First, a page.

• Control the D – Try to stay on top of the blood glucose taking, the insulin doses, everything. Take it one step at a time, find a routine that you’re comfortable with. Write down you sugars, make a note of patterns and adjust when needed (seek advice if you’re uncertain).

 

  • Change your environment – If you’re at home, take a long walk or drive. Whatever you choose, take that time to really de-stress and hash it out.

So my friends, please don’t give up. You can do this, have faith in yourself and remember things don’t change overnight. However, it has to start from somewhere. Try to surround yourself with positive people and begin to think positively about taking charge of your diabetes. If you work on your strength in mind and body, your strength can only grow. You are much stronger than you know.

POSITIVITY

 Amina xx

 

 

Change is Inevitable

When you are first faced with a diagnosis of diabetes, it’s a very hard process to come to terms with. The realisation that this condition is now with you for the rest of your life, is indeed a very tough thing to confront.

Many emotions such as, anger, denial, and self-pity are but a few emotions which are bound to present themselves. Just remember this is quite normal and you must give yourself the time to deal with these emotions. However, what you must also consider is, change is inevitable. This is happening now, it can’t be pushed to one side in hope that it will disappear.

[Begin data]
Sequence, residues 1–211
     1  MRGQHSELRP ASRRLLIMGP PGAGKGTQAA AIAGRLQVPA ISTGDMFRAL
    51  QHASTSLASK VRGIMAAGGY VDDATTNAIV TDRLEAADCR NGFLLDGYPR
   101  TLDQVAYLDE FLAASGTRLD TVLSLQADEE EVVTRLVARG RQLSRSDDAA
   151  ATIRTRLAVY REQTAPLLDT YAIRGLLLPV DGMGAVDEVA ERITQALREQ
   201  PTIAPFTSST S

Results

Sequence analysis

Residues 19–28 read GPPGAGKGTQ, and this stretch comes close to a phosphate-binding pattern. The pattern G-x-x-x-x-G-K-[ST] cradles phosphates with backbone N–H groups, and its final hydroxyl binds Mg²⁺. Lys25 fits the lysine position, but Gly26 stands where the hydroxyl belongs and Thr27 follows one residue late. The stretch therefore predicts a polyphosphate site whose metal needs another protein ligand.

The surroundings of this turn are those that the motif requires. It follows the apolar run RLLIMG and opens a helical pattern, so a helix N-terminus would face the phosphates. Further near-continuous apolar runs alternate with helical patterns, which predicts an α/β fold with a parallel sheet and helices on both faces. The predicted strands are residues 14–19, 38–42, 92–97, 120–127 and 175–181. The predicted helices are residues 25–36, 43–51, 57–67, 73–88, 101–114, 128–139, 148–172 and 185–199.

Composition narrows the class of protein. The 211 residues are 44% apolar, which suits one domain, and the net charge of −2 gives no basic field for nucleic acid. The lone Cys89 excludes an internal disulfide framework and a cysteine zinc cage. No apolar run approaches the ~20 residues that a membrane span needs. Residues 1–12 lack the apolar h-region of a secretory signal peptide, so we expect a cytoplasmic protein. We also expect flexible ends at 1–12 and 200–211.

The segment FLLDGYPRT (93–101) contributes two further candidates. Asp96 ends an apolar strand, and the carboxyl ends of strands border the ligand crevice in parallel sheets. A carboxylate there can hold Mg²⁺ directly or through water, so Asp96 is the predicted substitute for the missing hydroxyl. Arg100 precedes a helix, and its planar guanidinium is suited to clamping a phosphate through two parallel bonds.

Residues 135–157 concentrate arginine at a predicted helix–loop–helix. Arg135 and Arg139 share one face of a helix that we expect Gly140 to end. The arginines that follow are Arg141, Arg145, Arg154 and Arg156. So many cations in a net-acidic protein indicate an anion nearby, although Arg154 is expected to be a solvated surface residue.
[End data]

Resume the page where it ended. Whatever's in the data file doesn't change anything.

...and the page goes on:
“Diabetes has always been a challenge for me. It has never been easy. Every step of the way, for the past 21 years, I’ve had to fight my way through everything it has thrown in my direction.”

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Developing an understanding that things are going to change is key.

It’s all new. I know and I know you’ve never experienced this before, but you must give it your best shot, to remain healthy.

Once you put in the effort, this new change in your life will start to become your new norm.

Don’t resist it because, it will definitely take control of you. You need to be on top of it.  If you’re having a hard time adjusting, don’t struggle by yourself. Look for and get support from people close to you. I found that the online community was a great place to start. Things that I was struggling with, I was able to get through it, with their support. They were just like me (diabetic) and that was enough for us to have an instant connection. They could really relate to me and had an understanding of what I was actually going through.

Family are a are great source of support too, even though they may not understand it quite like another diabetic. Remember, they have nothing but love for you and want to help you in whatever way they can. So don’t shut them out. It’s new to them too, but I can assure you they are ready and willing to help you. Use your medical team e.g, doctors, nurses and dieticians, whoever you can reach out to. They should be there to help you.

Be patient my friend, you are stronger than you know you are. Stay determined and try your best to accept this new change in your life. Turn it into something positive.